The road to Egans Farm in Runnyford looks like it was hit by a nuclear bomb. Everywhere the ground is blackened, trees stripped of every leaf. Even the swamp has burned.
Fluttering defiantly above a standing farmhouse is an Australian flag. Beneath it, in a shed, are Caroline and Guy McPhee sharing a cup of tea with some neighbours who've dropped in to check on them.
The McPhees have been without power since New Year's Eve, when the Clyde Mountain Fire flared up and bore down on their farm on Egans Road.
"At about a quarter to two in the morning we got a text message from a fellow down the road, and he said to me, 'Can someone go and get our neighbour Jack from the down the road? He's not answering his phone. You need to get him out of bed, the fire's at my door now'," Guy recalls.
He woke Caroline, jumped in the car, found Jack wandering out the front of his home, and returned to protect the farm.
"We started running fire hoses out, filling the gutters up, raced up here and wet down the hay shed, pulled out what machines we could.
"Then Caroline rings me and says, 'Where are you? The fire's at the back door.'"
The hay shed, now completely destroyed along with the family car, tractors and other machinery, is 200 metres from the house.
Yet during the firestorm, Guy had trouble finding his way back to it, the smoke was so thick.
He had to feel his way back in pitch darkness by reaching out to the barbed wire fence he knew led to the house.
"I had a moment of pure panic when I rang Guy and said 'I need you here now,' because I knew I couldn't fight that on my own," says Caroline. "I had two kids in the house, one who's 16 and was out there ready on the pump, and the 13-year-old who was inside the house with the dogs keeping everyone calm.'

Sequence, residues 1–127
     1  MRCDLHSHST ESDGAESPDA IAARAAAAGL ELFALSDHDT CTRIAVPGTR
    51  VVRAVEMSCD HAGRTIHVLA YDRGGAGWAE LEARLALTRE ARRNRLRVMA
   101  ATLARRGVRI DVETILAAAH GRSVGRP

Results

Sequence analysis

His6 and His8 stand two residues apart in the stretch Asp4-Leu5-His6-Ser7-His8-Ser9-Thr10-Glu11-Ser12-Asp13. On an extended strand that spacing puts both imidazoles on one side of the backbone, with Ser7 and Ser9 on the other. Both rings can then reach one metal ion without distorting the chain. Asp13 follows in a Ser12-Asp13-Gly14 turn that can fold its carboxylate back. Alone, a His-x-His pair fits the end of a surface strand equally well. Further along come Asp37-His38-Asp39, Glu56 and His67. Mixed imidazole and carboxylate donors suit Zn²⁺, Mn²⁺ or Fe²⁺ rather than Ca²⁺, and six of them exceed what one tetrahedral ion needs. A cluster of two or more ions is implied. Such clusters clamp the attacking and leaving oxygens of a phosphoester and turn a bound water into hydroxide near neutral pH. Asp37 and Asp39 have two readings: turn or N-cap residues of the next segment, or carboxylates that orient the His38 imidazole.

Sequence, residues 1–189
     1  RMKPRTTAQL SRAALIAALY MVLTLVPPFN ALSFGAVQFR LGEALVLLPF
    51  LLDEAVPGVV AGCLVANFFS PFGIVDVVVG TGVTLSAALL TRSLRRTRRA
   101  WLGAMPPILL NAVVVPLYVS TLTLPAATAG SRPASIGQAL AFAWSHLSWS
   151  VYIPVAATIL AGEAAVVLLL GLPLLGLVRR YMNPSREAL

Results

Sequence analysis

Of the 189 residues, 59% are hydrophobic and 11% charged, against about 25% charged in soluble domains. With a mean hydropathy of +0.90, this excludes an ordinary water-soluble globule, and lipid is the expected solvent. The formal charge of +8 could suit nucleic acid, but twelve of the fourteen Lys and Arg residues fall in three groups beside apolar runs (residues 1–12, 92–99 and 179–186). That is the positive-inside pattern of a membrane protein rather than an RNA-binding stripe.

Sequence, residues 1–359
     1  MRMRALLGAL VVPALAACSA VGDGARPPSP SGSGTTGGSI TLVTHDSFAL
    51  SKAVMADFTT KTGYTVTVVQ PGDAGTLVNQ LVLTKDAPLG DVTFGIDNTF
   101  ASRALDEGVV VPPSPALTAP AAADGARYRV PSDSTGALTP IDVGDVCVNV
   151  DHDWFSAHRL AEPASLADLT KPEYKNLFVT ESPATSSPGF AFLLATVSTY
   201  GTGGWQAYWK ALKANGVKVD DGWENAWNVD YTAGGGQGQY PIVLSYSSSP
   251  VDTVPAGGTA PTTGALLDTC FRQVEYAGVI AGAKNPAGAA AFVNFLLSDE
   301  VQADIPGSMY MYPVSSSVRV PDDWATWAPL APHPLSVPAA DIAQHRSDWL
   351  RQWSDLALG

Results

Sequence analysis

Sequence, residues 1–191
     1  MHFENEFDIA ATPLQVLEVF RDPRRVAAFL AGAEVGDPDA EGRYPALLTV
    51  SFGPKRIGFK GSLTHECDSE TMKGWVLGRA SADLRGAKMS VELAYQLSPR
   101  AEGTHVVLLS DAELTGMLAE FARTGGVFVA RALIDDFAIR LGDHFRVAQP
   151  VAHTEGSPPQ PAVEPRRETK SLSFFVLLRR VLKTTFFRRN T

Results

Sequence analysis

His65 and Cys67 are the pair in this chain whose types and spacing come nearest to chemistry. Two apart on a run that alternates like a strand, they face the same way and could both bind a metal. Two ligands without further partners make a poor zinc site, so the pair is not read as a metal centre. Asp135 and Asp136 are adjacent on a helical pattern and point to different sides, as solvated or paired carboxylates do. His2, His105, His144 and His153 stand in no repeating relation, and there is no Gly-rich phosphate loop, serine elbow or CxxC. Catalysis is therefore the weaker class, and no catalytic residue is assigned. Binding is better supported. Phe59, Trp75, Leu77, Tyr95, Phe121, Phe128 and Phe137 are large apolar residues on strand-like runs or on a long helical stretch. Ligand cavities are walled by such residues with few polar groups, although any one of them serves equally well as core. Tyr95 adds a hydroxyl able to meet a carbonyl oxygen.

"We just defended the house from there," says Guy. "We fought the fire until daybreak. About halfway through the fire, Caroline hosed me down and we went and opened all the gates for the cattle."
The couple believe that decision saved the 32-strong herd. Before the fire they'd read the best place for cattle was in paddocks which had been eaten back. The opposite held true, however. The paddocks with the least grass burned the fiercest.
"They huddled around the gates and the fire seemed to go over the top of them," Caroline says.
While they were lucky their only stock losses were chickens, they lost much of the history the farm held including the old schoolhouse and cheese factory.
"We lost all the old buildings that were built over a hundred years ago. They just burnt one after the other. It was a sea of flames everywhere," says Guy.
They got hit again when the southerly arrived and flames were threatening the front of the house.
"I don't think we finished until about 8pm. We were exhausted. It was a full, full day."
No help came when neighbours called Triple-0 but in Guy's reckoning that was probably a good thing.
"If the RFS came they wouldn't have got out."
Despite the terror, Caroline says they made the right decision to stay and defend.
"If we hadn't stood between the fire and the house we would have lost everything. There was fire burning under the house."
The McPhees have been on Egans Farm for two years, having moved from their last property at Meringo. For the past 18 months, Guy has been busy putting in new fences and yards, all of which have been lost.
They will stay and rebuild but there are moments, they say, when it all catches with up them.
Luckily, they have each other, so when one is feeling overwhelmed by the enormity of it all, the other is there to perk them back up again.